If 1984 was not intended as a mere polemic against Stalinism, neither was it a mere literary reflection or product of the cold-war era, as an examination of Orwell’s literary and nonfiction work shows. 1984 was the culmination of a series of earlier “negative utopias,” or “dystopias,” which stretched back at least to the turn of the century and with which Orwell was familiar. (It was the culmination in more than one sense: no dystopia produced since 1984 is as hor­rifying, nor has any approached 1984 in penetration or philosophical interest, with the possible exception of Bernard Wolfe’s Limbo.) Orwell studied these earlier dystopias with great care and found Jack London’s The Iron Heel written before World War I, and Evgeny Zamyatin’s We, written in 1923, the most impressive. The writings of Arthur Koestler and Fram Borkenau, both per­sonal friends of Orwell, were important sources of his ideas; Borkenau’s book The Totalitarian Enemy, published in 1940, expresses some of the notions later found in 1984. Perhaps the most impor­tant of all Orwell’s sources was James Burnham’s The Managerial Revolution published in 1941. This work predicted that capitalism and the nation-state sys­tem were coming to an end, but that they would not be replaced by socialism as it had been understood before 1914. Rather, society would pass under the control of a new ruling class, the “managers,” a collectivist hierarchy. The world would be ruled by three “super­states,” which would probably be totali­tarian, based in North America, Europe, and the Far East. The influence of all these sources, especially Burnham’s, can be documented not only in 1984 but also in Orwell’s essays and reviews.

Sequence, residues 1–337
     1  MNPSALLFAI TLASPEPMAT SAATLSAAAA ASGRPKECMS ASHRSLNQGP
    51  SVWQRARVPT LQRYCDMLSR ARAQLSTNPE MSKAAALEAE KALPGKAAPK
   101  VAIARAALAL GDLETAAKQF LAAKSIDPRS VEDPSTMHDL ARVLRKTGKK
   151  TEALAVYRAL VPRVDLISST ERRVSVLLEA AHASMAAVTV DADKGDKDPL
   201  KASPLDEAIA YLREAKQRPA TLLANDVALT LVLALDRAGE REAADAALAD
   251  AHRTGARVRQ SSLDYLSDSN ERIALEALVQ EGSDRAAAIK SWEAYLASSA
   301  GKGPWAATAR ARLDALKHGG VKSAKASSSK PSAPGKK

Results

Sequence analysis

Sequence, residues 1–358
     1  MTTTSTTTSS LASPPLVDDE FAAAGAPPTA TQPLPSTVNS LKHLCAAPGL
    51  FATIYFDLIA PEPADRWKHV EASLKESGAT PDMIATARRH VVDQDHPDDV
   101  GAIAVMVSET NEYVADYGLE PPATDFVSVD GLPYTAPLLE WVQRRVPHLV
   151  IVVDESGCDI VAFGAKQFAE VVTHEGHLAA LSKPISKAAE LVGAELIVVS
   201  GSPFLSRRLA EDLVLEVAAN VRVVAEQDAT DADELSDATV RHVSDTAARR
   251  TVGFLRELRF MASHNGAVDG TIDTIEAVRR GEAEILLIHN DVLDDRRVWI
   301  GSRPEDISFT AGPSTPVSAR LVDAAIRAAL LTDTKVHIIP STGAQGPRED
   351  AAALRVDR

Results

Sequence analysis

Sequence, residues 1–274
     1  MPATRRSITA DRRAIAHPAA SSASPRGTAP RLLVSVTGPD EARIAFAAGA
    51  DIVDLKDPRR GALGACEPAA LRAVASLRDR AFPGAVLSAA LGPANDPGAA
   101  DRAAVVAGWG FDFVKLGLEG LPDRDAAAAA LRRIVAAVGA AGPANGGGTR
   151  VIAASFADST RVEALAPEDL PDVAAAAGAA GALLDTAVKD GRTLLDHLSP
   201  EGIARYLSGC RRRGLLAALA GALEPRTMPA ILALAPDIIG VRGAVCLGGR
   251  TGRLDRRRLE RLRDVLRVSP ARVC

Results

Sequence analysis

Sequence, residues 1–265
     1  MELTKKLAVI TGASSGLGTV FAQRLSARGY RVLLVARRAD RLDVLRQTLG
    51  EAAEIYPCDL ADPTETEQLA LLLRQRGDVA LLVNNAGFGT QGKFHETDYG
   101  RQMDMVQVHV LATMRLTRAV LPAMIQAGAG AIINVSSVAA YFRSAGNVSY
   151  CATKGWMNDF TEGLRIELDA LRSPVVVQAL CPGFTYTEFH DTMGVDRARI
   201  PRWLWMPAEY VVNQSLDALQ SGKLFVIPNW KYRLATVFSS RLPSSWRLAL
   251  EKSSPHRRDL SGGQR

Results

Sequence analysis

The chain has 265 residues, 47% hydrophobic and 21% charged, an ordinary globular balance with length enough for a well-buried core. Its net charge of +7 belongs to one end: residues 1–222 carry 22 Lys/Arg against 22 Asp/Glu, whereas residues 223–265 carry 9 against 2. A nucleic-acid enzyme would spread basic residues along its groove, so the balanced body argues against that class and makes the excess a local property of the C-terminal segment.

Michael Walzer’s essay, “On Failed Totalitarianism,” is essentially an attempt to argue not only that totalitarianism is passe–which is suggested in several other essays in 1984 Revisited–but also that there is no important distinction be­tween totalitarianism and other non­democratic regirnes–the latter generally grouped together under the rather vague rubric of “authoritarian”–even though Orwell and others perceived one. Since the 1960’s a determined ef­fort has been made by the left to discard the entire concept of totalitarianism. Walzer does not have the nerve to join this group, but indirectly his arguments have the same objective. This effect re­sults partly from Walzer’s misconstruing of the totalitarian-authoritarian distinc­tion and partly from his using only one peculiar version of the concept of totalitarianism. Unfortunately, that is not the version that interested Orwell; in fact, it is a rather dubious notion that was for­mulated only after his death.